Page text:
Bryant Austin has photographed whales like never before.

Cookie the baby penguin at the Cincinnati Zoo being tickled. That is all.

“THE WEB IS NOW OFFICIALLY FULL-ON,” exhorts Microsoft. Excuse me while I die laughing.

Design brief for London’s Natural History Museum “I shall want space for 70 whales, to begin with

The future according to Google. Orangutans to die out 2yrs before rock & mysteriously “Cyprus achieves its goal” in 2066

Mini-nightmares. Electron microscope images of scorpions, spiders and insects

“He thought that the bees would be asleep, as it was past midnight. Instead, they attacked him.”

Eleven coins were retrieved from nine patients… giving a total return on ingestment of $1.03.”

So obvious when you draw it out: using dinosaurs to solve the fossil fuel crisis

Minimalist movie posters by Matt Owen

How to back down gracelessly but effectively when you’ve been out-pedanted.

An Antiguan anti-homeopathy ad appears for unfortunate reasons.


I realised something very cool about how Discover’s slideshows can be used

BBC health journos still don’t link to primary sources, despite policy change, and despite covering the topic where it arguably matters most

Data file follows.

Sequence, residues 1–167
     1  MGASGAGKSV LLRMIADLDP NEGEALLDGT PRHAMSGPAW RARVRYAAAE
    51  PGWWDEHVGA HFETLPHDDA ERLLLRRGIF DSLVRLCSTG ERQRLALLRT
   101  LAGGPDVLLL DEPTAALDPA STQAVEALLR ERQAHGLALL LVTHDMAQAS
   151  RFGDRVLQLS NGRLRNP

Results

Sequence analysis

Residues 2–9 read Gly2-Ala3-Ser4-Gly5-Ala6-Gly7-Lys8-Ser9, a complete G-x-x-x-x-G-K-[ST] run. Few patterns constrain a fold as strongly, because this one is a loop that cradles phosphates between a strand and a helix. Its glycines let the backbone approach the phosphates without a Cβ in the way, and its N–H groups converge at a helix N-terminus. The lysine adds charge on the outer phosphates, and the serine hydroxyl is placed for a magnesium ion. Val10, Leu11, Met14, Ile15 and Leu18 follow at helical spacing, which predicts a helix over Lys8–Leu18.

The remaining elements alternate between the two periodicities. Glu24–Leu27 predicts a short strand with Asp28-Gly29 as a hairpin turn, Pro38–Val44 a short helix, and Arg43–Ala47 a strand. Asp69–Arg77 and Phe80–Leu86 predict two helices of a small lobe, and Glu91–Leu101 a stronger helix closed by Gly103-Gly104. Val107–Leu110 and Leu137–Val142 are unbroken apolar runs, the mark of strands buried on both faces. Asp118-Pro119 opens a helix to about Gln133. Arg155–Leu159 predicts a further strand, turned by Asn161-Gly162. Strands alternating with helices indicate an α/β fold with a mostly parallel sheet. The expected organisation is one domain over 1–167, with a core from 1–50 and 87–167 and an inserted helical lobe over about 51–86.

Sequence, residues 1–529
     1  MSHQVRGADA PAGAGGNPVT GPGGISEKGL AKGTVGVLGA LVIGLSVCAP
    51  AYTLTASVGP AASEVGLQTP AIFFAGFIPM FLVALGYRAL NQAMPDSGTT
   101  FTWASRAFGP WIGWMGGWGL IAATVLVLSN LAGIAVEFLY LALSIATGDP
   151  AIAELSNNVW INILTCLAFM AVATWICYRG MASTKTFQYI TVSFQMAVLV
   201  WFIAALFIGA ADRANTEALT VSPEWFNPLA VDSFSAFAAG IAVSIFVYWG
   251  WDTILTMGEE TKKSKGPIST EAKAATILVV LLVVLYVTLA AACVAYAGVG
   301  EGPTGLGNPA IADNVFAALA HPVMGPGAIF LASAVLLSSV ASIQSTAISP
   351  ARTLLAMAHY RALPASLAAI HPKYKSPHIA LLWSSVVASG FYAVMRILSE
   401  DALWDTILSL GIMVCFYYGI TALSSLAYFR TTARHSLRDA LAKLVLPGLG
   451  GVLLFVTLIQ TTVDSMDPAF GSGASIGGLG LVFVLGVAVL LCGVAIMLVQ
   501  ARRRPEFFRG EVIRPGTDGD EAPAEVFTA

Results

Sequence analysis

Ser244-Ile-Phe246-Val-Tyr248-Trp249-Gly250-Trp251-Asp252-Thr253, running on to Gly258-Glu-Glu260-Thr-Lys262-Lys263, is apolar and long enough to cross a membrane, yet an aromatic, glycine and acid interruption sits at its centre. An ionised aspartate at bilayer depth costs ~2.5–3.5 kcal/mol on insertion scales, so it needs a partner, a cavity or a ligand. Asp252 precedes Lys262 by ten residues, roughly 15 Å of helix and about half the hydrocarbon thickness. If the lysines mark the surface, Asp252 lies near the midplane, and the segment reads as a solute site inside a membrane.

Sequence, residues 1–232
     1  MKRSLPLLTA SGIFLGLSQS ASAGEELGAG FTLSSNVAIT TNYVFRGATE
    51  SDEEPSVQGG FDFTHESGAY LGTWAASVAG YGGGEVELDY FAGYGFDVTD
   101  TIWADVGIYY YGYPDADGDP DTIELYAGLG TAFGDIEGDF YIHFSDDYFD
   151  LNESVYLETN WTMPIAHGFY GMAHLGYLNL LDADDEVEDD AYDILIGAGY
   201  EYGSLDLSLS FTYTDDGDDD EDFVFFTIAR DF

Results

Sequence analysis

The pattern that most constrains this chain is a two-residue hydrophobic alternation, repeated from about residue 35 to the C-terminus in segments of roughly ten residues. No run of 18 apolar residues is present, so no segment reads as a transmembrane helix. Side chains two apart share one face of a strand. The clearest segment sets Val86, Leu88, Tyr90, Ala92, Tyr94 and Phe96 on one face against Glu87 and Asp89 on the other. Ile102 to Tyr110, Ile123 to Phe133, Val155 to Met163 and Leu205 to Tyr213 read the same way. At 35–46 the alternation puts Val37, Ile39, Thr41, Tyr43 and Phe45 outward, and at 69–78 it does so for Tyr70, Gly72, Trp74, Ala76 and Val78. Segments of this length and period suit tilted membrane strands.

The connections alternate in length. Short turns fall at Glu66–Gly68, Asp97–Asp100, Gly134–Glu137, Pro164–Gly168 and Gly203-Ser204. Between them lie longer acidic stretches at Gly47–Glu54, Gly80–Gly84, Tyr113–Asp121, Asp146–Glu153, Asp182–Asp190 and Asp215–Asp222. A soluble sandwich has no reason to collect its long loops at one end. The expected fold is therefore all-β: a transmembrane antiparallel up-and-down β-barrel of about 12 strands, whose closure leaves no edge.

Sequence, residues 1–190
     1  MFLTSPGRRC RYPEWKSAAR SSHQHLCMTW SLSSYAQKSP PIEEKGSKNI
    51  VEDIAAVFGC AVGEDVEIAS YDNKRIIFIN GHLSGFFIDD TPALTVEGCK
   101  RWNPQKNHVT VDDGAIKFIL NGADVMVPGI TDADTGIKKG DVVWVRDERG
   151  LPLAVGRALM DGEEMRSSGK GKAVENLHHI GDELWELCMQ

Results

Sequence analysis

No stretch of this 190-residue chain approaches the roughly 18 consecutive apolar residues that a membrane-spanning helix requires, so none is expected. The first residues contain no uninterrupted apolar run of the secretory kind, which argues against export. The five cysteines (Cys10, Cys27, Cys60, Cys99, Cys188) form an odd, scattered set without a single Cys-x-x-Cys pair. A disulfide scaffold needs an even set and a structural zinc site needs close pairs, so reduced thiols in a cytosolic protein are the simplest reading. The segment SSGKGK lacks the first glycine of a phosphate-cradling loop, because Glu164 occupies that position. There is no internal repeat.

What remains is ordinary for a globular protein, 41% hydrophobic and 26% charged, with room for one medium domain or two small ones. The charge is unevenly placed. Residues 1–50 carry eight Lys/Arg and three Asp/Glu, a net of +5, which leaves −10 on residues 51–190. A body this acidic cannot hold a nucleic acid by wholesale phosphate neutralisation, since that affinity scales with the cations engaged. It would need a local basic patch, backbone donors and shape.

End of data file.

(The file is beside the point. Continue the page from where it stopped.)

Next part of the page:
How it feels to crush £1.2m of violin beneath your buttocks.

Dear world, on behalf of the UK, we’re really sorry for this.

Robot journalist writes a better sports story than a human reporter

I love that there’s a Pulitzer for Explanatory Journalism. Wah wah investigation wah wah. This stuff’s important too.

Good example of terrible health journalism – it takes 11 paragraphs to get to the fact that this was in mice and human trials won’t begin for 2 years, and features unquestioning quotes about “biggest breakthrough ever” (Ever? EVER!). Written by… yeah.

My word, look at Gawker’s traffic. That’s insane. Death to linkbait!

“The most valuable asset a journo has is access to other people’s brains”. Writing tips from Ian Sample.

First, there was the Atavist. Now, there’s Byliner.

A great interview on science writing between Jennifer Ouellette and Robert Lee Hotz

The iPhone keeps a record of everywhere you go, triggering fears about privacy and ppl knowing how boring we all are. And meanwhile, the “fears” have been put to rest.

When will press release headlines simply devolve into “WOW” or “OMGWF!!??!?!”

A database of female science bloggers, compiled by Elaine Westwick

David Dobbs on the writer’s dilemma: what to toss

For 6 days after the tsunami, a Japanese newspaper was written by hand w/ flashlights & markers

Cassie Willyard deals with the allegations that large bits of Three Cups of Tea were fabricated

This timeline on the story behind an investigative news story is a must-read for any budding journo

Spot-on musings from Carl Zimmer on how journalists should cover astrobiology